The National Asset Management Agency (NAMA) has revealed in its annual report that it made a profit of €247m after tax in 2011.
This compares to a 2010 loss of €1.18bn.
The agency made an operating profit, before loan impairment charges, of €1.28bn in 2011, up from the €305m profit recorded last year.
The agency acquired a further €2.8bn worth of loans last year, bringing the total to €74bn, for which NAMA paid the banks €35bn - representing a discount of 57%.
Brendan McDonagh, Chief Executive of the Agency, said that 2011 was a year of great progress for NAMA.
Mr McDonagh said: "The agency made a profit for the taxpayer. We successfully completed the first phase of our operations – acquiring loans from participating institutions - and our focus now is on generating the best possible return from these loans.
"We have also completed the review of all Debtor Business Plans. Cashflow generation is vitally important for NAMA and remains very strong.
"The task before us is significant but I am optimistic that NAMA will succeed in doing the job set out for it by the Oireachtas."
Mr McDonagh said that after 27 months in operation, the agency was starting to see movement in the Dublin property market.
“We are seeing evidence on the ground,” he said. “We are seeing real real transactions. We never expected to see a V-shaped recovery but we do see the market bottoming out, particularly in Dublin.”
Its annual report showed that 90% of its €17.5bn Irish property portfolio was in or around counties with large urban centres such as the greater Dublin area, Cork, Limerick and Galway.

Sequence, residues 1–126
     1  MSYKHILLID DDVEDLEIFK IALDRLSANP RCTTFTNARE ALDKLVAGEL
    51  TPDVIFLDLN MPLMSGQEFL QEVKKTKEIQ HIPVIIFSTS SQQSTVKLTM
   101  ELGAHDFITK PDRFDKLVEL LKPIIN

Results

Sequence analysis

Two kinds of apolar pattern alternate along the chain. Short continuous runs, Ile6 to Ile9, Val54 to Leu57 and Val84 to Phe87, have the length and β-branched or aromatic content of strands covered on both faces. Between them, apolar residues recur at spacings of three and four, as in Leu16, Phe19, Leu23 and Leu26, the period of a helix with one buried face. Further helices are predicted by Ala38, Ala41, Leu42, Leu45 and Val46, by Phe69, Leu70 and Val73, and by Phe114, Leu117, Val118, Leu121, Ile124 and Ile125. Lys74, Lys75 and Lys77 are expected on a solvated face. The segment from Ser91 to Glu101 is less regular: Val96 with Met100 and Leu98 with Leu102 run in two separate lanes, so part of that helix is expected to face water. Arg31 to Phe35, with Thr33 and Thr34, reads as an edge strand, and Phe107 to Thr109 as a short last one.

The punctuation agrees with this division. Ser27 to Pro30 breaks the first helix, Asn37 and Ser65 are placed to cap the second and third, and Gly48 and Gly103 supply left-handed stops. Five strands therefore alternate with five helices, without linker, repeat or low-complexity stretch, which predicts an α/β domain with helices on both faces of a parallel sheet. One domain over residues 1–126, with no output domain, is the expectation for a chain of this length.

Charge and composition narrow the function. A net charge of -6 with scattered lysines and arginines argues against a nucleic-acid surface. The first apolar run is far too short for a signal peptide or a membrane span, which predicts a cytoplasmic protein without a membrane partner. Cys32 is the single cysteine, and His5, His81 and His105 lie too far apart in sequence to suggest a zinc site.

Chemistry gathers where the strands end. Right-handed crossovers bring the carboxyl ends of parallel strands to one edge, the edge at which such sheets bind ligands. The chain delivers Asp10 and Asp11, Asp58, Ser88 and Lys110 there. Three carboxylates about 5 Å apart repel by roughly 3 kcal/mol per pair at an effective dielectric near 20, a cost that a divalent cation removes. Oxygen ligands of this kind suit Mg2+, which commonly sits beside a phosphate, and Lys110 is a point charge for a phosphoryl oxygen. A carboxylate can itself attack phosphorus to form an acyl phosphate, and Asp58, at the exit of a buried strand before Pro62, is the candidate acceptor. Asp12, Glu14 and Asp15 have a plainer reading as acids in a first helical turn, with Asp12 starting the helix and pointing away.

Some €11bn alone was in Dublin and €2bn in Cork.
There was also an €11bn portfolio in Britain, with €6bn located in London.
In the North, the portfolio was worth €1.3bn and included about €600m in Belfast.
Overseas there were loans linked to €1bn of property in Germany and more than €400m in the US, with the bulk of the remainder in Portugal, France and Belgium.
Nama said it had taken control of €74bn worth of loans, after it brought in another €2.8bn.
It said it had approved asset sales of €9.2bn, with sales of€5bn by the end of May, with a further €2bn in the pipeline.
Fianna Fáil finance spokesman Michael McGrath said the profit figures put out by Nama did not tell anything.
“I welcome the fact that Nama is reporting an after tax profit for 2011 of €247m, (but) this measure doesn’t really tell us a whole lot,” he said.
“Nama is a vast agency and its financial success in managing a loan book with a value of €74bn can only really be gauged towards the latter part of the agency’s 10-year life span.”